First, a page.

I have written a lot about my TODO list. I rely heavily on my TODO list because my brain is bad at remembering to do things, but digital lists synced to the cloud and linked to periodic reminders are much more reliable. However, I don’t only use digital systems to remember to do things: I also use them to remember important facts and my ideas. That is why I have an extensive notetaking system that has evolved over the years.
My notes started in analog. Through high school and college, I took all of my class notes in spiral paper notebooks. By college, I had a laptop to take to class, and I knew I could type faster. However, I also saw other students on Facebook during lecture, and I got distracted from lecture even when I saw them out of the corner of my eye. The risk of having my own web browser up was too great, so I kept it analog.
However, I did keep some digital notes. I had text files in my Documents folder for directions from SFO to Stanford and my packing list whenever I went home from college. I occasionally had to reorganize those files, but it was sufficient for how often I used them.
At some point near the end of college, I switched to Evernote. I was using both my personal MacBook Pro and a work Ubuntu desktop, and it was awfully helpful to have automatic syncing. Besides, it was a cleaner interface to switch between my notes rather than opening, saving, and closing individual files. I had to use the web interface in Ubuntu, but it was better. I began to use my notes more extensively for writing down Magic decks, personal notes, work notes, and other wacky ideas.
When I got a iPad and iPhone, I used the Evernote iOS apps. However, I never paid them because I was just using it for text and didn’t need space or team collaboration. Then one day, they limited on the number of devices that you could sync to, and it was less than the 4 devices I had.
Since I was entirely entrenched in the Apple ecosystem, I switched to using Apple Notes. It also provided automatic syncing, and I can’t remember a single feature that I lost in the transition.
I most extensively used Notes for the various tabletop RPGs. There’s a lot to figure out and remember to create a seemingly real and consistent world. I kept notes for characters, religions, plot points, geography, cultures, adventure notes, and anything else to flesh out an entire world.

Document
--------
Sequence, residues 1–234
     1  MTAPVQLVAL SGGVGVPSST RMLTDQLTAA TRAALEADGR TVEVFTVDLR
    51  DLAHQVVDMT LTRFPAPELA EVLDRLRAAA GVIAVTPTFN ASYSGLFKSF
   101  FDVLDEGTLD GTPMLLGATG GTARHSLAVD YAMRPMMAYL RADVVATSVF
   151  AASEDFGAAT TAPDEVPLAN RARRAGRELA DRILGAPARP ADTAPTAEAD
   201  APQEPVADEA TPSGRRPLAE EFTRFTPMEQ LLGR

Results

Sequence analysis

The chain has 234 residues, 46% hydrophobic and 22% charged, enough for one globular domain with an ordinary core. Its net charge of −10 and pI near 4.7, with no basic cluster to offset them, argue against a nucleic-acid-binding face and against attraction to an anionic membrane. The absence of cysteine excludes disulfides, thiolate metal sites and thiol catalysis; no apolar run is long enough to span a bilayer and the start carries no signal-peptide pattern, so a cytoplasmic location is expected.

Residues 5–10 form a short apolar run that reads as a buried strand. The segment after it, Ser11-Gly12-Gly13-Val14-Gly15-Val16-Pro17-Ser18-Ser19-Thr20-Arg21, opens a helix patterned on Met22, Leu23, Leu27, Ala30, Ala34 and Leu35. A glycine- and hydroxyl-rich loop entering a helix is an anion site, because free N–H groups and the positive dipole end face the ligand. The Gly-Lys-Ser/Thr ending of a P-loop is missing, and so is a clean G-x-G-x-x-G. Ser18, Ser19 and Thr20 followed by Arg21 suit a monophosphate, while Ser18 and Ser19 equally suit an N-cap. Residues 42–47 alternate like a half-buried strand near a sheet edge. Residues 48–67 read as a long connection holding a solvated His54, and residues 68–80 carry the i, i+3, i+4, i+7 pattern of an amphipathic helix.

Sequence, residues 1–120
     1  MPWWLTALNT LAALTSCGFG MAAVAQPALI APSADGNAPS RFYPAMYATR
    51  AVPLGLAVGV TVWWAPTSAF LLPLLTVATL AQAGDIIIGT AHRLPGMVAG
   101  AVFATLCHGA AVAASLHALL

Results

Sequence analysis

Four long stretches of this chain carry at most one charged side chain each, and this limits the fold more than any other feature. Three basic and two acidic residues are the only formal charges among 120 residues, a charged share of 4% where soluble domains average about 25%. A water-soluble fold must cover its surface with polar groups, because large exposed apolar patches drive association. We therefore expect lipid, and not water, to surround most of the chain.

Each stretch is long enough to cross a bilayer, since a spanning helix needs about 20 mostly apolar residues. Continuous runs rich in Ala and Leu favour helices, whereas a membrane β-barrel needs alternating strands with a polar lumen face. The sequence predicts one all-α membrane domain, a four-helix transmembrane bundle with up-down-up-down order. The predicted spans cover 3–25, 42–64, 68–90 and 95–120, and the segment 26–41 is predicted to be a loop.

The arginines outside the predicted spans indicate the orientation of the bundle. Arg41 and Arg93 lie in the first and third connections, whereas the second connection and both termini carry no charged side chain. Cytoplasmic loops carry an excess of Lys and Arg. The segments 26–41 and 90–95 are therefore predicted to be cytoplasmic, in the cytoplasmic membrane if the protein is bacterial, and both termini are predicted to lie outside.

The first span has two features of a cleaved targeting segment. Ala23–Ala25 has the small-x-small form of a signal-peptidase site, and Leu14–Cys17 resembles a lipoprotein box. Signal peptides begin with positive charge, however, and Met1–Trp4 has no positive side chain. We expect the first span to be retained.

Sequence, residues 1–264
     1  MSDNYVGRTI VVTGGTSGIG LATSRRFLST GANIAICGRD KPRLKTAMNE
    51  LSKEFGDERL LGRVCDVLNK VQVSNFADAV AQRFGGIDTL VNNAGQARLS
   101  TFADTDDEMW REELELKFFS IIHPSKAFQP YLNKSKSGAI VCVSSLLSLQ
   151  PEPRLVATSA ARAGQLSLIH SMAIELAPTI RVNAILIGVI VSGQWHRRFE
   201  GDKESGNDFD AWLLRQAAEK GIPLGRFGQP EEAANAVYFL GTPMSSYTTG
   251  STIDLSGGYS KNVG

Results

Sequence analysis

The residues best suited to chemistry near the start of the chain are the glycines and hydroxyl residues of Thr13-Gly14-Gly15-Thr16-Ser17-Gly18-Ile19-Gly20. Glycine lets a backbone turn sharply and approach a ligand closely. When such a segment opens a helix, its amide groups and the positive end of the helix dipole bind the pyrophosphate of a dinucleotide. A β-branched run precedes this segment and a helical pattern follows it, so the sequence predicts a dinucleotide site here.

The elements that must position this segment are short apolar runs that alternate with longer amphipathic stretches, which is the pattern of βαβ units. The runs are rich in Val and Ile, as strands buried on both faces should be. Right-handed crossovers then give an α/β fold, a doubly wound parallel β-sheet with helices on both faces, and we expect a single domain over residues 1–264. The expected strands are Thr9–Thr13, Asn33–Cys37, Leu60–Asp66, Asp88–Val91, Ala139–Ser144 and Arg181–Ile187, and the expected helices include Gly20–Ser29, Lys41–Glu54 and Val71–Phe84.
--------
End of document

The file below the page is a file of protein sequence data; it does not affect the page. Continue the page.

I knew it wasn’t perfect, but I didn’t have a better system until I went to a talk on Worldbuilding at a local bookstore. They brought in four science fiction and fantasy authors to talk about how they created the worlds for their stories, and although I’m not fiction writer, their ideas obviously applied to running games. They all recommended using a personal wiki, and I realized that would instantly solve my problem.
My RPG notes got messy because the information is inherently relational, but the most structure you get out of notes are outlines. I love lists and outlines, but you only get single hierarchy. When you have a wiki, you can use hyperlinks to connect any two arbitrary pages. For the coders out there, this is the versatility of an arbitrary graph instead of using only trees.
Rather than using any of the commercial wiki sites (which could die and take my life’s work with it), I decided to use vimwiki. vimwiki used the same editor I quickly type code in and also could be stored in a self-maintained repository. It was a long process to transfer my notes, but it has worked well. I currently use it for several RPGs and rely heavily on hyperlinking.
However, I still use Apple Notes for everything else. Although I like using vim for vimwiki, it also means that I can’t easily edit my notes on my mobile devices, which I often carry to RPG sessions. I also can’t access it offline.
I have looked for other solutions that satisfied all of my needs, which include:
- arbitrary hyperlinks between documents so I could structure my data as I wanted
- self-hosting so I wasn’t depending on someone else to store my entire body of knowledge
- offline sync on my iPad
- easy editing options from anywhere
These constraints are difficult to satisfy together. In iOS, you can largely only access things through an app or your web browser. Apps tend to be proprietary, which reduces self-hosting options. Web browsers tend to require online access, which defeats the point of offline syncing.
The best solution I found was TiddlyWiki, an open source wiki with multiple clients across desktop and mobile. It offers self-hosting through CouchDB and PouchDB for offline access using the web browser local storage.
It’s brilliant, except I couldn’t install CouchDB on my personal server (GitHub issue here), so I couldn’t self-host. And that’s why only two of my three RPGs are in a wiki: my new Masks campaign is in Apple Notes because I need offline sync very badly.
And that’s the state of my notes today. It’s regrettable that I’m using two different solutions, but it’s sustainable for now. I will have a new system in a few years, so keep an eye out for the next blog post.
2 replies on “The Evolution of My Notes”
With Tiddlywiki, why a CouchDB approach? Why not just a file-based approach, with TW5?
The other alternative would be federated wiki. If you don’t want to be public, you can run a private wiki on your personal computer, npm install wiki.
I have been working around wiki for some years. http://wiki.coevolving.com .
I decided on CouchDB (specifically https://noteself.github.io) because it was the only one I found that offered both self-hosting and offline edits and sync in iOS. The tough part is that iOS has locked down files so they can only be synced through Dropbox, iCloud, or other commercial cloud solutions. I’m not opposed to using them, but at that point, I realized that is more or less what I get with Apple Notes.